What is Android Jetpack?

Android Jetpack is a set of components, tools and guidance to make great Android apps. The Android Jetpack components bring together the existing Support Library and Architecture Components and arranges them into four categories:

Android Jetpack components are provided as “unbundled” libraries that are not part of the underlying Android platform. This means that you can adopt each component at your own speed, at your own time. When new Android Jetpack functionality is available, you can add it to your app, deploy your app to the Play Store and give users the new features all in a single day (if you’re quick)! The unbundled Android Jetpack libraries have all been moved into the new androidx.* namespace.

In addition, your app can run on various versions of the platform because Android Jetpack components are built to provide their functionality independent of any specific version, providing backwards compatibility.

Further, Android Jetpack is built around modern design practices like separation of concerns and testability as well as productivity features like Kotlin integration. This makes it far easier for you to build robust, high quality apps with less code. While the components of Android Jetpack are built to work together, e.g. lifecycle awareness and live data, you don’t have to use all of them — you can integrate the parts of Android Jetpack that solve your problems while keeping the parts of your app that are already working great.

What’s New

Android Jetpack comes with five new components:

  • WorkManager alpha release
  • Navigation alpha release
  • Paging stable release
  • Slices alpha release
  • Android KTX (Kotlin Extensions) alpha release

WorkManager

The WorkMananager component is a powerful new library that provides a one-stop solution for constraint-based background jobs that need guaranteed execution, replacing the need to use things like jobs or SyncAdapters. WorkManager provides a simplified, modern API, the ability to work on devices with or without Google Play Services, the ability to create graphs of work, and the ability to query the state of your work. See more on the WorkManager component.

Navigation

While activities are the system provided entry points into your app’s UI, their inflexibility when it comes to sharing data between each other and transitions has made them a less than ideal architecture for constructing your in-app navigation. So into GoogleIO18 introducing the Navigation component as a framework for structuring your in-app UI, with a focus on making a single-Activity app the preferred architecture. With out of the box support for Fragments, you get all of the Architecture Components benefits such as Lifecycle and ViewModel while allowing Navigation to handle the complexity of FragmentTransactions for you. Further, the Navigation component allows you to declare transitions, automatically builds the correct Up and Back behavior, includes full support for deep links, and provides helpers for connecting Navigation into the appropriate UI widgets, like the navigation drawer and bottom navigation. But that’s not all! The Navigation Editor in Android Studio 3.2 allows you to see and manage your navigation properties visually:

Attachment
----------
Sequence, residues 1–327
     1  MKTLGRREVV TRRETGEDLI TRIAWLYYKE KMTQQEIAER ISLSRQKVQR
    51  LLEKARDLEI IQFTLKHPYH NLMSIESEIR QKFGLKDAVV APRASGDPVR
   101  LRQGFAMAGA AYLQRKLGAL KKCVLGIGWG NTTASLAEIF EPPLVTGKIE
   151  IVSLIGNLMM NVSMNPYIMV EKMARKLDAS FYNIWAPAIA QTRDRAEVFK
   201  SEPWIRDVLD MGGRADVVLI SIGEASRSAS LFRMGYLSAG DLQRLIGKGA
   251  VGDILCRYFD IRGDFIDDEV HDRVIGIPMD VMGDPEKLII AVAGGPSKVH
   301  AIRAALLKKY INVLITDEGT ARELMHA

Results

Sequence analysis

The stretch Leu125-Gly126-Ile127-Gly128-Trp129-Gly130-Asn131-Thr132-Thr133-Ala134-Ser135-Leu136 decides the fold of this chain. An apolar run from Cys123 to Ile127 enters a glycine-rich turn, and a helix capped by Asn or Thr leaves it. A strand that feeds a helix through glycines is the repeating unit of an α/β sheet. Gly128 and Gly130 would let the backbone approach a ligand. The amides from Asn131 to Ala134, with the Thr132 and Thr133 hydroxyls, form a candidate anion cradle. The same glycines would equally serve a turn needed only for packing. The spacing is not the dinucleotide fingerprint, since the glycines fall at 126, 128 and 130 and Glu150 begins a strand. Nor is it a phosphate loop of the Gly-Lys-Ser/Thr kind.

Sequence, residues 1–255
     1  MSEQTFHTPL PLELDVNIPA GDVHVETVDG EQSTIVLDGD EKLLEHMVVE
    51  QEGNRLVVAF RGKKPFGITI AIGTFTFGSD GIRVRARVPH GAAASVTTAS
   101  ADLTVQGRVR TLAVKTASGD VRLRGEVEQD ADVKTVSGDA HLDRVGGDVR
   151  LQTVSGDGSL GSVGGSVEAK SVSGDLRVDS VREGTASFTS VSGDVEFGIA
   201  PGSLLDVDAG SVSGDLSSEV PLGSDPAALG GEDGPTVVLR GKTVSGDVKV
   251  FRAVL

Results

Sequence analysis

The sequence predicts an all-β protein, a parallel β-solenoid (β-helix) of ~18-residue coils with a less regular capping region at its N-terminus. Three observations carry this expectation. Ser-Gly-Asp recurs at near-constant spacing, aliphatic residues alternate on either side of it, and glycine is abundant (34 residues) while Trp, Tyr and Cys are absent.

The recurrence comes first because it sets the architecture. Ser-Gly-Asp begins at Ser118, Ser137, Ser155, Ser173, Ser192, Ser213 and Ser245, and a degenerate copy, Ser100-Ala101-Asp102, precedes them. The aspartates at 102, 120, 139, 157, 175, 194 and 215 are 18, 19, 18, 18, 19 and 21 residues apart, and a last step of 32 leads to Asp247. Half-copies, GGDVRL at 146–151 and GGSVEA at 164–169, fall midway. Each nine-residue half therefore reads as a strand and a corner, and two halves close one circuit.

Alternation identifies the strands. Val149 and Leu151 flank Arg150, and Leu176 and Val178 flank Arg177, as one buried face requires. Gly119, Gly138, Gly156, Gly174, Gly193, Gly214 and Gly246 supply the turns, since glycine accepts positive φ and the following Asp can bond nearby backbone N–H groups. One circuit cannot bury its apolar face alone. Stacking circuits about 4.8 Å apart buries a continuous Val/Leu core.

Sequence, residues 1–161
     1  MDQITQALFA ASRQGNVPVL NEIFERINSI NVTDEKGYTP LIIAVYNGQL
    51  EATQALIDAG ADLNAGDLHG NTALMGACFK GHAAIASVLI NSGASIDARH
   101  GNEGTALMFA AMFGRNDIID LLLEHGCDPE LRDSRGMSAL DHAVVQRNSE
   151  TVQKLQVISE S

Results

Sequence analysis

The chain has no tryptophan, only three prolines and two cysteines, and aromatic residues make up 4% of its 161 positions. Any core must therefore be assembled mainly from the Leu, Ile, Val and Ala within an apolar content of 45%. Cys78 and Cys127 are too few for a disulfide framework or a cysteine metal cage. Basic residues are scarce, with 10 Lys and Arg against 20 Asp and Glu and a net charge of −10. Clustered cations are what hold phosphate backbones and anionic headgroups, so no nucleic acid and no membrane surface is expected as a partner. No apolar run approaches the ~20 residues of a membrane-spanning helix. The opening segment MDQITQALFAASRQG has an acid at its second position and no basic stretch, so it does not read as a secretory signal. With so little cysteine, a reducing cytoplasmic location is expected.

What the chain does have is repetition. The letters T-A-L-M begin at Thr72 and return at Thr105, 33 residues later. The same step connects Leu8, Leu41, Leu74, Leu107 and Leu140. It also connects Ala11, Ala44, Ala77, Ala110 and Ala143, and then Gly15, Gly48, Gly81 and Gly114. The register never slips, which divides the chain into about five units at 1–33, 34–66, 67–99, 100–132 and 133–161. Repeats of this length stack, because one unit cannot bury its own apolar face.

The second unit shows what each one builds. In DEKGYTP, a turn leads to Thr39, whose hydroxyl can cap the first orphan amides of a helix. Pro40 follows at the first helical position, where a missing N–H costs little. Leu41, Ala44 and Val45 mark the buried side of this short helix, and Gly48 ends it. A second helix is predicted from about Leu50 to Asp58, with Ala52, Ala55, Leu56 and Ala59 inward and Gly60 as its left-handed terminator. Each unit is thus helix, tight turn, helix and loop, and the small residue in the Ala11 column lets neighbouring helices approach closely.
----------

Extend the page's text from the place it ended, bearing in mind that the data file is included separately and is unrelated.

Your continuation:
The Navigation component is also in alpha

Paging

Data presented in an app can be large and costly to load, so it’s important to avoid downloading, creating, or presenting too much at once. The Paging component version 1.0.0 makes it easy to load and present large data sets with fast, infinite scrolling in your RecyclerView. It can load paged data from local storage, the network, or both, and lets you define how your content gets loaded. It works out of the box with Room, LiveData, and RxJava.

Slices

And finally, to round out the set of new features making their debut in Android Jetpack is the Slices component. A “slice” is a way to surface your app’s UI inside of the Google Assistant as a result of a search:

Android KTX

And last but not least, one goal of Android Jetpack takes advantage of Kotlin language features that make you more productive. Android KTX lets you transform Kotlin code like this:

view.viewTreeObserver.addOnPreDrawListener(
object : ViewTreeObserver.OnPreDrawListener {
override fun onPreDraw(): Boolean {
viewTreeObserver.removeOnPreDrawListener(this)
actionToBeTriggered()
return true
}
});

into more concise Kotlin code like the following:

view.doOnPreDraw { actionToBeTriggered() }

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